“Celebrating local talent matters, as well as giving people a chance. Perhaps unusually, we have no formal auditions process – if I see someone in a production and think they have potential, I will try to get in touch: I have a little black book full of names and contacts!

“We are fortunate that amateur theatres in surrounding areas are still prospering, and I try and catch shows there when I can.”

For example, there is the nearby Oldham Lyceum, Playhouse 2 at Shaw and also the Saddleworth Players, an amateur dramatic society who meet in Delph at the Millgate Arts Centre.

The continuance of theatrical creativity in the boroughs allows for audiences to see a variety of performances – and The Curtain Theatre is remarkably prolific too. Still going strong, it now produces five interesting and unusual shows per year (see the image of 2016's Up 'n' Under below), with an impressive ten performances per show.

Up N Under

According to Peter:“The Curtain Theatre has continued to champion artistic creativity here in Rochdale, even at times of difficulty. For example, when Rochdale’s Theatre Royal burned down in 1954 – and considering the Gracie Fields Theatre wasn’t established until the late 1970s – Rochdale would have been without a theatre producing non-musical shows otherwise. Its history goes far beyond that too, as the Curtain Theatre actually started off in the 1920s, with the amateur dramatic society performing in a range of places, including the Drill Hall and the old Fire Station. It moved into the current building in the mid-1930s.”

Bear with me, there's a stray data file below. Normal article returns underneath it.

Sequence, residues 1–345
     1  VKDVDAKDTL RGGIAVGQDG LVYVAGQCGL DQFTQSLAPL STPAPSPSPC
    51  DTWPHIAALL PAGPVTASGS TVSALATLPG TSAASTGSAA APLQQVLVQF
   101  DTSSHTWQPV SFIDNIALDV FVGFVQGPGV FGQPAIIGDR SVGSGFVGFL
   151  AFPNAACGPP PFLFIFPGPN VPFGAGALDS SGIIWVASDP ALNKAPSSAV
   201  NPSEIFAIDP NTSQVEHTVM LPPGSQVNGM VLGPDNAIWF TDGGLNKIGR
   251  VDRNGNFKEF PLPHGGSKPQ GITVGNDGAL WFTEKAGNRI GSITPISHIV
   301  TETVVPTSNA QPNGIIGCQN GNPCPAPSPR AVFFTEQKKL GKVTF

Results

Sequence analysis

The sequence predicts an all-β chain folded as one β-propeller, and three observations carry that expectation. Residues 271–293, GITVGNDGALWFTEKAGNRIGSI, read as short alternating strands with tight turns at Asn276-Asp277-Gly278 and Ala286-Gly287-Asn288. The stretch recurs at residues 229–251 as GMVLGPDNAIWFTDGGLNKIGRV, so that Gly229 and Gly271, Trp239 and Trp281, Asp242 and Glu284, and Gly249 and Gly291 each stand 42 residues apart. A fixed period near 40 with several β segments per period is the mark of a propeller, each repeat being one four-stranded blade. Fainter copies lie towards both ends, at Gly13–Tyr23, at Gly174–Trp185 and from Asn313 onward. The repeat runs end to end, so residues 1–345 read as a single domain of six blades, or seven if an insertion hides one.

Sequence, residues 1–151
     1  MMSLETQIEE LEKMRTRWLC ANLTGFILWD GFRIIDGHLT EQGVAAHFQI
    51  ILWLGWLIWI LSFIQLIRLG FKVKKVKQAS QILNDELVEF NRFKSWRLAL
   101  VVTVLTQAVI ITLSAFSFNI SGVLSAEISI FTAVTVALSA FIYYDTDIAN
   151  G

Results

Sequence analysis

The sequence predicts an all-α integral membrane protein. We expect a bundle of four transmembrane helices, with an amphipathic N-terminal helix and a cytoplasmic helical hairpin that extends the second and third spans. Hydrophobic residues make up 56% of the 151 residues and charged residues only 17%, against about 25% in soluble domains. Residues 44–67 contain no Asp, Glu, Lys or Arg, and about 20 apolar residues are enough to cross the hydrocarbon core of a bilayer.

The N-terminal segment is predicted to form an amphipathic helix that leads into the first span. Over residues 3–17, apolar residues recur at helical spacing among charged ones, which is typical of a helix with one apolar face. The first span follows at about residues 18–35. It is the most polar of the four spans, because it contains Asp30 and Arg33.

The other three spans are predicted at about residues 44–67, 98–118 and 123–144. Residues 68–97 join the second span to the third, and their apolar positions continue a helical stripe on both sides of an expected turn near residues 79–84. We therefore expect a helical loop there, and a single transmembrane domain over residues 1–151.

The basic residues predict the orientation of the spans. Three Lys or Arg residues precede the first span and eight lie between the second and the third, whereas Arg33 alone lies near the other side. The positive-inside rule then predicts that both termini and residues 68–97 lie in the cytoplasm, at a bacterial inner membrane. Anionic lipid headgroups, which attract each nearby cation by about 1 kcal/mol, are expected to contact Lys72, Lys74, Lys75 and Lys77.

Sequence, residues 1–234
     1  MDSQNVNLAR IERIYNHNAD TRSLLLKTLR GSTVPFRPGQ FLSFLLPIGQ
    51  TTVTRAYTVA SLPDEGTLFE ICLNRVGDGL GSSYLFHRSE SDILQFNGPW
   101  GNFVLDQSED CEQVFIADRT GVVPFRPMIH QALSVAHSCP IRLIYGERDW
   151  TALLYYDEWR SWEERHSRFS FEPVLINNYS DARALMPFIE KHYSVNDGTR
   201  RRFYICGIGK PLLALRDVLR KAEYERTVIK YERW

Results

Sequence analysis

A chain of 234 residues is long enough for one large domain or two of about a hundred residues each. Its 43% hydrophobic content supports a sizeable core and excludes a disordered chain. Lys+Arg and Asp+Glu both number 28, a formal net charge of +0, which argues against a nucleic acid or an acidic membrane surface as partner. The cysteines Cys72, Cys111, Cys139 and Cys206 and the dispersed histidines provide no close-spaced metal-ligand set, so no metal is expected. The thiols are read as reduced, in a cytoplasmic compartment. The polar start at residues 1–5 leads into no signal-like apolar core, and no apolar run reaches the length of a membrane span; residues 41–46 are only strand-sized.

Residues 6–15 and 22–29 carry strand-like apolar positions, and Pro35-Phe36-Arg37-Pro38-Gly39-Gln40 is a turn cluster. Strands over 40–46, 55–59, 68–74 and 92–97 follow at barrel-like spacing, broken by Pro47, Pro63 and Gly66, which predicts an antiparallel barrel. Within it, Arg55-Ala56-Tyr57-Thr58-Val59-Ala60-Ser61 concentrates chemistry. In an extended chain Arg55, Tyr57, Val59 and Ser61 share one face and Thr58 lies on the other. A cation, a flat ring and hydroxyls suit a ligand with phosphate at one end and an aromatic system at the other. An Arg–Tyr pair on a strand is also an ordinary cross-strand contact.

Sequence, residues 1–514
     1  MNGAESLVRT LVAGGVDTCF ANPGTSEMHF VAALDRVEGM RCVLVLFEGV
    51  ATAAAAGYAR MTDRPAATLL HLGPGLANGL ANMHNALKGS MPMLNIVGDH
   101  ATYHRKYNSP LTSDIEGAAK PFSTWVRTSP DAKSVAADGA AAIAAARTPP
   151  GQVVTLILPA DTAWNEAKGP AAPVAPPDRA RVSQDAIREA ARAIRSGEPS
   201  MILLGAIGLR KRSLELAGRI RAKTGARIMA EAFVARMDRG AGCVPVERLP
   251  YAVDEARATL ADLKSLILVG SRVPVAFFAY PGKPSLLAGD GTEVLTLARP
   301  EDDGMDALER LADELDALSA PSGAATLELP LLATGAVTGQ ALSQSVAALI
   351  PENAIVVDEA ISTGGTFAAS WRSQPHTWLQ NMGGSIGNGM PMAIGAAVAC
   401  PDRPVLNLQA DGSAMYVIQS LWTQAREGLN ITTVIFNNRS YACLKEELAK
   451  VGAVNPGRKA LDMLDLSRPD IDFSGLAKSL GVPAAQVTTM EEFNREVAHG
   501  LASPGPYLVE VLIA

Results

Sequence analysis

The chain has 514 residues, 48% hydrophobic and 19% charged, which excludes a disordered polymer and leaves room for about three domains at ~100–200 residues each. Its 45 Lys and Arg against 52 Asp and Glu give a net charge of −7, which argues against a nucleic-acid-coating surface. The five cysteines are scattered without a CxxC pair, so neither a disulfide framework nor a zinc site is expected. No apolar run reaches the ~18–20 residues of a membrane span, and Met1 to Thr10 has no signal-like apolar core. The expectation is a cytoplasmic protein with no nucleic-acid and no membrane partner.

At this time, the area where the theatre stands would have looked very different – a busy thoroughfare with a Co-op next door. Now, it could be seen as a little off the beaten track, slightly out of the town centre – but well within walking distance and certainly worth it. The building itself was originally the National Liberal Club for Castleton (the area of Rochdale), and a communal feel still exists in the place; with people helping out however they can. Many of the original customs continue, like Curtain Theatre members often helping with the wider running of the play, even Front of House!

“People do it for the love of it,” says Peter. “And we indeed have our regulars, but I’d love more young people to take part in the running of the theatre.” Pictured below: the set of Peggy For You (2017)

Set Of Peggy For You

So how do you get involved? Rather unusually, potential members are asked to join a mailing list. They then receive notice of forthcoming productions and request tickets. At the theatre, patrons are requested to make a donation (currently suggested at £8). This means the theatre still largely operates on sending invites and receiving replies by post, although some tickets can now be purchased online. The good news is, anyone can sign up and be part.

“It might seem a bit of an unusual format, but it works for us,” adds Peter.

“It is quite quaint. I would love more young people to be part though and really it is as easy as signing up.”